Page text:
When speaking with some thoughtful Student-Athletes, they were well aware of all the potential benefits of participation and felt that learning teamwork helped them develop the skills to cooperate and collaborate with others outside of sports. The necessity to encourage others during sport develops a habit that carries over outside of competition. They believe that sports is a great place to learn ethics and responsibility and feel when they compete in the community that is part of their Global Outreach.

Contrary to what many people think, they unanimously agreed that they perform better in the classroom during their season of sport when they need to manage their time, than in the offseason when they “feel” like they have more free time. This is counter-intuitive to what many who have not been involved might think, and the essence to the conversations I mentioned at the top.

It is this misconception that activities are “extra” that is at the heart of this sentiment. If you do anything “extra’ it must conflict with the things you are doing that are “necessary”. For that reason I have been on a three decade crusade to have those I’m involved with view activities as CO-curricular, not extra-curricular

These co-curricular activities do not only include athletics, but all those mentioned before like student government, drama, debate, cheerleading, dance, band, choir, clubs, journalism and many more. CO-curricular activities offer many of the same benefits as mentioned above when discussing athletics, but I would also say they may add to any benefits gained thru athletics.

Co-curricular activities are also, as a function of being voluntary,  things that students enjoy. When I was a high school Activities Director I often referred to myself as the "cruise-director" that helped provide enough opportunities to experience this joy, that when balanced with the rigor of academics is what makes the high-school experience most fulfilling and prepares them for college and a purposeful life.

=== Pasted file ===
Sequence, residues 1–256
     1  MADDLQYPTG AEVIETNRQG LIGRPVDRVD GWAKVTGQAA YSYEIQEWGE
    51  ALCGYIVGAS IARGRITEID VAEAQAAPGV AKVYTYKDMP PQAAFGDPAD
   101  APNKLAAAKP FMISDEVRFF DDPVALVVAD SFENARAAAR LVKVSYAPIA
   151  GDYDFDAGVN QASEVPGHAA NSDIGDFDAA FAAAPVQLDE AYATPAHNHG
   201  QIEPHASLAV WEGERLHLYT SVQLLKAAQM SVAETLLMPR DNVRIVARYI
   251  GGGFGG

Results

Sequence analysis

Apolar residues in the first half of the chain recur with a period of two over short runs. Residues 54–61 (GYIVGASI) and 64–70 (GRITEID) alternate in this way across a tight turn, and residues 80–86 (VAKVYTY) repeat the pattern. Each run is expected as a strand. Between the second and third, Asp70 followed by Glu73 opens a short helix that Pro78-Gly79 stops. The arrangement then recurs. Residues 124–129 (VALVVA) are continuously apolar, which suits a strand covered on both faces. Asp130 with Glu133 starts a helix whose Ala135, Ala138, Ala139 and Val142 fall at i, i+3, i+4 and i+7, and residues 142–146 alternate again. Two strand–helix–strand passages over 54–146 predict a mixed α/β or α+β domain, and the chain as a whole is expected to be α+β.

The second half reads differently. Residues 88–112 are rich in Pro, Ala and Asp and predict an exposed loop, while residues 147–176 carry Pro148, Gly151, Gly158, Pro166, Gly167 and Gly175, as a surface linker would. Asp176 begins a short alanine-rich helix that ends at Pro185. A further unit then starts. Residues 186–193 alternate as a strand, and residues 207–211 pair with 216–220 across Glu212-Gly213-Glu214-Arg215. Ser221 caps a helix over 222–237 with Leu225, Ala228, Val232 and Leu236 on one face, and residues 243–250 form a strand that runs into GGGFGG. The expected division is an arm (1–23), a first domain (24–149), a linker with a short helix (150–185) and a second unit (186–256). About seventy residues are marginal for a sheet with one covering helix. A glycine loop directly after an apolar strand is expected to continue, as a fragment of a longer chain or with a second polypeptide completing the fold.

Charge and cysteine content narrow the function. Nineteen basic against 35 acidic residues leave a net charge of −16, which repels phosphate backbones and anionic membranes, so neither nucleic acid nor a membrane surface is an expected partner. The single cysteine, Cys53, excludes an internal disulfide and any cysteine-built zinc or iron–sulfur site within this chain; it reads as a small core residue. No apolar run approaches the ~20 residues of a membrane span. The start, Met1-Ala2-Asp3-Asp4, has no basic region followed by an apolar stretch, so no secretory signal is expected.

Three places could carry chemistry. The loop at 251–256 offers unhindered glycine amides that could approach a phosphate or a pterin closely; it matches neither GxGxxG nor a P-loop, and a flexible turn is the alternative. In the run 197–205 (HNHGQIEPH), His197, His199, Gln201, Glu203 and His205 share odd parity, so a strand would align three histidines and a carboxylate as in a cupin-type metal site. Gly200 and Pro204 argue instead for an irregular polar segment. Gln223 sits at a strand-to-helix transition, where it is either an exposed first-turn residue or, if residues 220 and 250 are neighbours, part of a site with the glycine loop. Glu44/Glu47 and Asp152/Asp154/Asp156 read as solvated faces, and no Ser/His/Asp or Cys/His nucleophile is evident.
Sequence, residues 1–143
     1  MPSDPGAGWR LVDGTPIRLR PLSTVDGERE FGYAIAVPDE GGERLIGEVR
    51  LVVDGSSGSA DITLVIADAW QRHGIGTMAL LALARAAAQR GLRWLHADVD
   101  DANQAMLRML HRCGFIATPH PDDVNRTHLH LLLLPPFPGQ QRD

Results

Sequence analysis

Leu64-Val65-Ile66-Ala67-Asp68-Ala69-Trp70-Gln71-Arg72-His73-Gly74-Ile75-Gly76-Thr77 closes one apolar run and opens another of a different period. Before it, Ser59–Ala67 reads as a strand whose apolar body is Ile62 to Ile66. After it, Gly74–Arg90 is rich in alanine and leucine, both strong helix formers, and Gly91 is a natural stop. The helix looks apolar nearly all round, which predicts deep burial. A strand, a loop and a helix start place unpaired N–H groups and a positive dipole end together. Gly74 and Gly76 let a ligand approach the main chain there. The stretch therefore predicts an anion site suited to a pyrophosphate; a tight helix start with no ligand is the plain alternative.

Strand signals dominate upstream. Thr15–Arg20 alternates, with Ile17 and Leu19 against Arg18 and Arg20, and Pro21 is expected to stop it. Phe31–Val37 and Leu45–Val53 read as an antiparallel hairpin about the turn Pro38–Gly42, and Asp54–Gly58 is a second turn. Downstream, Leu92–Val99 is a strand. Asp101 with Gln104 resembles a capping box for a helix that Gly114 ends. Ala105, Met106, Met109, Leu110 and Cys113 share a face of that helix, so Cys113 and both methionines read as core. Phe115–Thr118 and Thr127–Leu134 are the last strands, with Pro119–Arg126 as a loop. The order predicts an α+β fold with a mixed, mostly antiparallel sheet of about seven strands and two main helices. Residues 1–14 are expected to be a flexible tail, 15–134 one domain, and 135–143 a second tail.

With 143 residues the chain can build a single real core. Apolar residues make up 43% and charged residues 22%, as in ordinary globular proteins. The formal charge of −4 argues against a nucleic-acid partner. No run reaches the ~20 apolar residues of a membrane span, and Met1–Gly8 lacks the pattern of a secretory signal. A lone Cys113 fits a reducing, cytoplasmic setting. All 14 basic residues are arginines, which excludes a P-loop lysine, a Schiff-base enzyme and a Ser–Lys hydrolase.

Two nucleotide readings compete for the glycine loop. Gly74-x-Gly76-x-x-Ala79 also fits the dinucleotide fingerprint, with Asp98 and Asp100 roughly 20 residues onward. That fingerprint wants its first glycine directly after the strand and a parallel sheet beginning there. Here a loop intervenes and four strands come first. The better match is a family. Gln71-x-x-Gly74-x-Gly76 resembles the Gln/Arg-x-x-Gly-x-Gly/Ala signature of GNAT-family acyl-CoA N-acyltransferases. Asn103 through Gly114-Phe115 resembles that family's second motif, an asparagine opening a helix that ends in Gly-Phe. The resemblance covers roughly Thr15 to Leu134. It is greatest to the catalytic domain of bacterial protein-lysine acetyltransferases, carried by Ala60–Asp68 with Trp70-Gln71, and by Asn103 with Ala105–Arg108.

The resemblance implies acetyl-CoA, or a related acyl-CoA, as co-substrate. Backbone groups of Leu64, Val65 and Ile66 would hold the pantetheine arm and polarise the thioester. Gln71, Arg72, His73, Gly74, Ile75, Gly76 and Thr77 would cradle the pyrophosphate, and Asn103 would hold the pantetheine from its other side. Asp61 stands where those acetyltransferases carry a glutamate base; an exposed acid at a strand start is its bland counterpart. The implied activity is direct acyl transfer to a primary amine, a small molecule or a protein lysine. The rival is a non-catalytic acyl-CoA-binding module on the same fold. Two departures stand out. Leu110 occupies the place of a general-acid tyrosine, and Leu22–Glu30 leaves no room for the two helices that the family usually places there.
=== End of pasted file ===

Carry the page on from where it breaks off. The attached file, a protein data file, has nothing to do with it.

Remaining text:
These activities assist in developing the whole student and could bring out additional qualities that may not have surfaced otherwise. A student-athlete may discover an artistic side, develop leadership skills, or unearth some talents that otherwise may not have appeared. Working with a variety of groups on campus gives student-athletes a different perspective and helps them understand other points of view. There is plenty of research that shows the relationship between music and math, while participating in the arts helps the whole “left-brain/right-brain” thing.

Even activities that are available which on the surface seem mainly social in nature, provide opportunities for students to engage with their classmates, develop social skills, and even exercise in some decision-making and/or refusal skills that will serve them later in life.

While academic performance is of utmost importance, it is in these co-curricular activities that students often find their sense of belonging, purpose and answer those important questions like: Who am I? What are my values? Do I have a mission in life? What kind of person do I want to be? What impact do I want to have on the world?

Answering those questions is not something “extra” young people need to do…it is necessary and must be part of the curriculum. Hence, CO-curricular.